As soon as I jumped on the plane from Muscat to Mumbai, I asked the air hostess to find me a seat with better leg room. To my good fortune, I ended up sitting next to Pradyuman Vyas, someone who lives near me in London, and we connected in deep conversation. Once again, great company!

That’s just the people I met on the way OUT to India…!

On the return journey on Monday 8th Jan 2007, soon after I checked into the airport at Mumbai, I noticed this one cute girl who sat near me before going through security. I noticed her again after security as we were waiting by the terminal to board the plane. Wondering whether I should approach her or not, I decided not to. Something inside me said “just wait and see”. As I boarded the plane, I discovered that I’d been given one of the middle seats, and was kind of annoyed that I’d be sitting cramped for the whole plane journey. Then I reminded myself that there must be some good reason for this, and to just wait and see.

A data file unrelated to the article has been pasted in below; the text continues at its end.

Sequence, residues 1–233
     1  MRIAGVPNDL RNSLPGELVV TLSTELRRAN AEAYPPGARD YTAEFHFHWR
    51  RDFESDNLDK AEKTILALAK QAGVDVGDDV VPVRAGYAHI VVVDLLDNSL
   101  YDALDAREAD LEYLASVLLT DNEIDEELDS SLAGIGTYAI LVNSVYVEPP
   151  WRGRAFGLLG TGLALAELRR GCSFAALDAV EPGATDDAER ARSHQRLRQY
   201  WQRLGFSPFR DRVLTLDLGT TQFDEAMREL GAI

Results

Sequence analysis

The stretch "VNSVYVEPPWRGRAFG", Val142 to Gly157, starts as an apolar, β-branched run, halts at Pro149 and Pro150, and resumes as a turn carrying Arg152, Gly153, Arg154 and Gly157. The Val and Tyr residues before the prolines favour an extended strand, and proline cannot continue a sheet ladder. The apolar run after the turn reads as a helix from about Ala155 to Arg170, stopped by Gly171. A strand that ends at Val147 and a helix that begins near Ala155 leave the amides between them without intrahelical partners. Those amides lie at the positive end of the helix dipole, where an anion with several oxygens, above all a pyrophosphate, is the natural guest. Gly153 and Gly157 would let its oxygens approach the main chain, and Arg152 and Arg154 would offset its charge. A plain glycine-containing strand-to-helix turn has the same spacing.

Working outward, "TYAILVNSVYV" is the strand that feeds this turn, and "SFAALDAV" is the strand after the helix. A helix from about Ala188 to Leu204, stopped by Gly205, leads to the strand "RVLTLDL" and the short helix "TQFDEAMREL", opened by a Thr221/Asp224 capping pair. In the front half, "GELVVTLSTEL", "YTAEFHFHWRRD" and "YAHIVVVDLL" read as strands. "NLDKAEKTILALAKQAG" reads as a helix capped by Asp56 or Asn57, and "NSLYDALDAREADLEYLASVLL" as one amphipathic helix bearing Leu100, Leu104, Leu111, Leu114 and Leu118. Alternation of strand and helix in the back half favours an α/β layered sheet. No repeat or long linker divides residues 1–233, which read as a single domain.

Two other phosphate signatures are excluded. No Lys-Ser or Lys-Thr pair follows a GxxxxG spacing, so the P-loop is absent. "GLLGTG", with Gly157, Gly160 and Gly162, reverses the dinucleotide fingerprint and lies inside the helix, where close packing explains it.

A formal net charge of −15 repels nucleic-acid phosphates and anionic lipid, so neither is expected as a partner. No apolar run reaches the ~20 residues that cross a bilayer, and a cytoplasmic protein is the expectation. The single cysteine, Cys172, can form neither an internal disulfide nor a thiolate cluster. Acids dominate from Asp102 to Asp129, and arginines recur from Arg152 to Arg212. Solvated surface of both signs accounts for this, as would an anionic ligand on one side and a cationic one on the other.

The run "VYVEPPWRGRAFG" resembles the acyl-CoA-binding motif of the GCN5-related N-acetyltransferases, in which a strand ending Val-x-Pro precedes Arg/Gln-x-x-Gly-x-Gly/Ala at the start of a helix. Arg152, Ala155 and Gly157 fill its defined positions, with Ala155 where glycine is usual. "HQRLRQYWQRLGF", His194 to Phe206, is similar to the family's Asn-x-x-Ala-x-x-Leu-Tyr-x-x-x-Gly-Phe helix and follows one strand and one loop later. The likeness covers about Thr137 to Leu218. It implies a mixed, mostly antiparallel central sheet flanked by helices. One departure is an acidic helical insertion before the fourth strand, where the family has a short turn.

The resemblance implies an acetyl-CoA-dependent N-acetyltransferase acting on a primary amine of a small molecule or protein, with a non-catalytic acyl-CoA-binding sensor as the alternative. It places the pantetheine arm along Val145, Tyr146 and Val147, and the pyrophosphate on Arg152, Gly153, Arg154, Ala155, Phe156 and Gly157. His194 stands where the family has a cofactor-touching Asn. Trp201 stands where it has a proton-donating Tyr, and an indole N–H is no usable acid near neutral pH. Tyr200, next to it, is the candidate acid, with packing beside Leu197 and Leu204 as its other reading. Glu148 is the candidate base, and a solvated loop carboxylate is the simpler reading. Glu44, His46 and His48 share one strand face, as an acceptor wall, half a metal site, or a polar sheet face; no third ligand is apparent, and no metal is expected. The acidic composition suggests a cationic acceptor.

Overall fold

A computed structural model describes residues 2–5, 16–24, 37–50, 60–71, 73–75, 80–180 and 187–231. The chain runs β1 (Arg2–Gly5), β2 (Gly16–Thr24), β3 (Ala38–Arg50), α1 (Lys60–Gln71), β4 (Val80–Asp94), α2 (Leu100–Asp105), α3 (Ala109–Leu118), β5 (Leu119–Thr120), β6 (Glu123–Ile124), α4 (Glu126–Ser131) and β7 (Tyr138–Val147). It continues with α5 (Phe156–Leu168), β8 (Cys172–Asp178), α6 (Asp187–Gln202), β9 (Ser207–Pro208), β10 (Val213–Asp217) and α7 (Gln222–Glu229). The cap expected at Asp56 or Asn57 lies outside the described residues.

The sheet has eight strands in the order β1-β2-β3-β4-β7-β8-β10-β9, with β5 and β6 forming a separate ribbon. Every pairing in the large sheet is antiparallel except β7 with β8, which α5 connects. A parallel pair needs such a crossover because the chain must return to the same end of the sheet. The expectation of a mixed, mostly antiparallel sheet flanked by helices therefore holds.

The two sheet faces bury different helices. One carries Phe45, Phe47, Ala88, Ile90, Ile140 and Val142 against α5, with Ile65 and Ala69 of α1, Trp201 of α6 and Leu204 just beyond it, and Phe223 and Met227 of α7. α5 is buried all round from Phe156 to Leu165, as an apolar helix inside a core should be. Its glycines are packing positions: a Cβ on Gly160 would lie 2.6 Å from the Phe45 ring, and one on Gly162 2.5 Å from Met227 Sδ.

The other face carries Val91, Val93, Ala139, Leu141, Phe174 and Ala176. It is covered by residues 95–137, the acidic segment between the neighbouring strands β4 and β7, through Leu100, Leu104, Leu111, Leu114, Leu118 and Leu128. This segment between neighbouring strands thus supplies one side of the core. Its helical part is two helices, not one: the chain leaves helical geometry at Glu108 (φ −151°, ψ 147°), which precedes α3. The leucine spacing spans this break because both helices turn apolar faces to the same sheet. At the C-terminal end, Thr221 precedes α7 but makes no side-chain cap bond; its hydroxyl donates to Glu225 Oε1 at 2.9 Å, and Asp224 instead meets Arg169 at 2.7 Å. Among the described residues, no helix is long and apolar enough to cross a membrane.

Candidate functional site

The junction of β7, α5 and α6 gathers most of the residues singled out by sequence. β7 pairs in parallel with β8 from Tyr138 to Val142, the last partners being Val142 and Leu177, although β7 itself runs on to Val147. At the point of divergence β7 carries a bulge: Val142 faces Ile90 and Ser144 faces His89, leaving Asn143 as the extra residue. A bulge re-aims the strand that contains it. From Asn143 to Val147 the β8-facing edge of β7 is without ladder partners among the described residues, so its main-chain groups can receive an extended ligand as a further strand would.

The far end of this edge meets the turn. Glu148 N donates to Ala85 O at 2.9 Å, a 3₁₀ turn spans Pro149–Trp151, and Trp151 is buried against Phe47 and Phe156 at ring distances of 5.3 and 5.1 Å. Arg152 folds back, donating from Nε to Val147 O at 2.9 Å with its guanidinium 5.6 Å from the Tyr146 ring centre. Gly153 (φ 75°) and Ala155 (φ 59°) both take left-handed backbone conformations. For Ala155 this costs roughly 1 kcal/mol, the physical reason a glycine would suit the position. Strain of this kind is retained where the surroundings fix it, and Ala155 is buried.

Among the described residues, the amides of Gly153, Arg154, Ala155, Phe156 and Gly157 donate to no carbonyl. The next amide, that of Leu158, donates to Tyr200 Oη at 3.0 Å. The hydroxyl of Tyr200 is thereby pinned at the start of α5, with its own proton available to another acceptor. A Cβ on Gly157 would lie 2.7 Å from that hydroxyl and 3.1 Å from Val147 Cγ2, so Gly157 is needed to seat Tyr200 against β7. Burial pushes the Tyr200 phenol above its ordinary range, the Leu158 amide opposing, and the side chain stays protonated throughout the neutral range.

Within moments, the same girl who I’d seen earlier glided up to my row and indicated that she’s in the other middle seat of that row, and that I’d need to move out so that she can slide in. How cool is that? Out of all the couple of hundred people to be on the plane, what are the chances that she’s been given the seat next to mine? She was on her way to New York, with transits in Bahrain and London. So we spent most of the flight flirting, joking, talking, eating, drinking and sleeping. It was fun spending the flight with her, and so we also had a coffee together at Bahrain Airport (where we were in transit on the way to London). This just goes to show – patience is KEY. If there’s something that you want, first let it go, then watch as it floods into your life.